Do You Need to Call the Police for a Fender Bender in NYC?

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    Car accidents happen every day, but most of them do not result in extremely serious injuries that require hospitalization or serious damage to vehicles. Most car accidents have one car impact another, and then both drivers are able to exit their vehicles and go from there. While most drivers will exchange insurance details and other important information, not all drivers will want to report a crash to the police, especially if it is perceived as a “minor” fender bender.

    In New York, you are required to report most accidents to the cops. The criteria for reporting are broad. You must report any accident that results in damage in excess of $1,000 or causes someone to be injured or killed. This will encompass most motor vehicle accidents, so it is always a good idea to err on the side of caution and report your crash. Moreover, reporting a crash can help improve any claim you may file in court in the future.

    If you need assistance, call The Carrion Law Firm at (718) 841-0083 for a totally free case analysis.

    Do I Have to Inform Law Enforcement after a Car Accident in NY?

    Pursuant to V.A.T. Law § 605, you have to report motor vehicle accidents under certain circumstances. While the statute may at first seem to say something to the effect of “you don’t need to report unless these criteria are met,” the opposite is true. The circumstances under which you must report a car crash cover most car accidents that will happen, so it is good practice to always file a report after you are involved in a collision.

    Someone is Killed or Injured

    You must report an accident to the police if someone is either killed or injured. New York law is silent as to how serious an injury must be in order to require a report. So, if you or someone else involved in a crash has a fracture, cut, scrape, or even just a bruise or is “shaken up,” you should probably report that accident.

    One important reason to report any accident where you get hurt is that a lot of damages are barred by something called the “serious injury threshold.” Under I.S.C. Law § 5102(d), a “serious injury” is anything resulting in death, dismemberment, partial or temporary loss of bodily function, or injuries that incapacitate the victim for certain periods of time. If you cannot prove that you are seriously injured, our Bronx car accident lawyers cannot ask for things like non-economic damages in your lawsuit as detailed in I.S.C. Law § 5104. Filing a report helps to ensure that your injuries are documented and that claims for damages in your lawsuit are supported by evidence.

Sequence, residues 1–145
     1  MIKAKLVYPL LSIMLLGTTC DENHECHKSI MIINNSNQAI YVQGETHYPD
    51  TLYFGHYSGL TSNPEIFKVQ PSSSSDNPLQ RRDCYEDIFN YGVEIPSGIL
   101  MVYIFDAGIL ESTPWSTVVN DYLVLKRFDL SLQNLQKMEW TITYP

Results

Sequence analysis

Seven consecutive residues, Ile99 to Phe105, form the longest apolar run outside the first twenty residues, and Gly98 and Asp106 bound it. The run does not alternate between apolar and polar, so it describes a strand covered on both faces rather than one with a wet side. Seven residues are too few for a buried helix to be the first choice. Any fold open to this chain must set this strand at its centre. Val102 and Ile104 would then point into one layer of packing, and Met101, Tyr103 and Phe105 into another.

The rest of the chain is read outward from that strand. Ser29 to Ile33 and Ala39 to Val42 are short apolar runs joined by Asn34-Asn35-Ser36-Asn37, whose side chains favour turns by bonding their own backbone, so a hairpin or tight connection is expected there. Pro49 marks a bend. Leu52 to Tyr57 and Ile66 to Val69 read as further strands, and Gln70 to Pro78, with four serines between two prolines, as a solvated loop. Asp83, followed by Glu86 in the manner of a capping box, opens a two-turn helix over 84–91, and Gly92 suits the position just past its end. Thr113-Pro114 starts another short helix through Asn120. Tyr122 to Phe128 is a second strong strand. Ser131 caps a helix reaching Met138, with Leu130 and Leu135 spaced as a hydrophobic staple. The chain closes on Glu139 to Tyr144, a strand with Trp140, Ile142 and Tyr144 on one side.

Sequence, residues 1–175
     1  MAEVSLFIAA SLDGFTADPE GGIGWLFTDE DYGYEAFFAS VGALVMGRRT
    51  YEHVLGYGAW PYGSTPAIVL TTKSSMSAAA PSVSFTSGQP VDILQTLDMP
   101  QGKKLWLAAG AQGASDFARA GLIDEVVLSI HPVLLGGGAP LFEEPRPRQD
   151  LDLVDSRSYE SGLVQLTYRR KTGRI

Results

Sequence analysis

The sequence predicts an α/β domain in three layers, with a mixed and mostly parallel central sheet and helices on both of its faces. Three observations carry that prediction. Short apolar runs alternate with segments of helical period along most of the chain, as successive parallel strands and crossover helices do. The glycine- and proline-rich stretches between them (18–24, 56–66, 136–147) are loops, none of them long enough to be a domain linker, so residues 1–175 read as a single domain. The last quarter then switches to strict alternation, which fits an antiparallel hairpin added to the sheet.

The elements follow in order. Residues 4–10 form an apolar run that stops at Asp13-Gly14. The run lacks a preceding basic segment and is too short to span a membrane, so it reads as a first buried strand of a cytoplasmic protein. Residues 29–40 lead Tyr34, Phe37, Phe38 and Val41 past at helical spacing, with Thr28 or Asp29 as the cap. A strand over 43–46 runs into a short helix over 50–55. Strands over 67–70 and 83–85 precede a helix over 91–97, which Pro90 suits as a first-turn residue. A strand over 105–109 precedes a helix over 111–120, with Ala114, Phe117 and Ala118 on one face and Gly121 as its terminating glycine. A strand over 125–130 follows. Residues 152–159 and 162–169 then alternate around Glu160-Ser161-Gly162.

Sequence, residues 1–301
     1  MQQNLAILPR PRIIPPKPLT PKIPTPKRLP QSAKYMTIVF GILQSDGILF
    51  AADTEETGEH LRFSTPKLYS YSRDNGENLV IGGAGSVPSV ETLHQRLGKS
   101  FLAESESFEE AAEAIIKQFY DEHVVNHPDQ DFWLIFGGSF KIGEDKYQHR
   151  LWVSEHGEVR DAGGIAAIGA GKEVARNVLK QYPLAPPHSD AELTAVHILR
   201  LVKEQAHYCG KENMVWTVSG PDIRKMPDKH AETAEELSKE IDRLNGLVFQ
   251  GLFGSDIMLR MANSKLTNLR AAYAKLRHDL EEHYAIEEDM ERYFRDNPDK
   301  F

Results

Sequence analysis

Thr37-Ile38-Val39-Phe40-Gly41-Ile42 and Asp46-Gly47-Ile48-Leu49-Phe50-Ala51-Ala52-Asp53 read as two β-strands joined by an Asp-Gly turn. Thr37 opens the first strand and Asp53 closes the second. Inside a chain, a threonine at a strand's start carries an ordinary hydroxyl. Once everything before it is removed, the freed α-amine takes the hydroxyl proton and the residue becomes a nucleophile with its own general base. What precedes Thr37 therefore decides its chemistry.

Property Damage Over $1,000

    Additionally, you have to report car crashes that create damage in excess of $1,000. This may seem like a lot of money, but the reality is that most accidents will end up causing damage valued higher than $1,000. New York law does not specify what thing that damage has to be caused. The only qualifier is that the damage is caused to the property of “any one person.” This includes more than just your car. It also includes other people’s vehicles, bikes, business fronts, and more. So, for example, if you get in a fender bender and your car needs repairs costing $600, but the other driver will need to pay $1,100 to get their vehicle fixed, you will still need to report the accident because the damage to them is over $1,000.

    How Long Do I Have to Report a Fender Bender in NY?

    In New York, you have ten days to report a crash to the police. However, this time can be stretched if you are incapacitated because of the accident and cannot physically file a report. In those cases, someone else involved in the crash needs to file the report in their stead.

    What Happens if I Do Not Report an Accident in NY?

    New York has laws that penalize failures to report car crashes to appropriate authorities. Under V.A.T. Law § 600, leaving the scene of an accident that needs to be reported without doing so is against the law and can incur penalties of up to $250,000 in fines and up to 15 days in prison. Reporting entails presenting your name, license plate number, and insurance information to law enforcement. The other driver is required to do this as well.

    What if the Other Driver Does Not Want to File a Report After an Accident in NY?

    Sometimes, the other motorist involved in your crash will not want to report the incident and try to convince you to do the same. There are many reasons that this could be the case. They may feel that the accident is not major or worth the headache. They may think that the accident is their fault and attempt to avoid assisting their opponent in a potential lawsuit against them, or they simply may not be aware that they have a legal obligation to report the crash. Whatever the case may be, you should report any accident you are involved in to the police not only because the law requires it but because doing so helps make any legal action you want to take in the future stronger. If you do report a crash, you can use the police report and other information to help improve your case, whereas if you don’t, you will not have that evidentiary support, and the fact that you did not report can be used against you by opposing counsel.

    Go Over Your Claim with Our NY Car Accident Lawyers

    The Carrion Law Firm’s New York car accident lawyers can go over your claim for free when you call us at (718) 841-0083.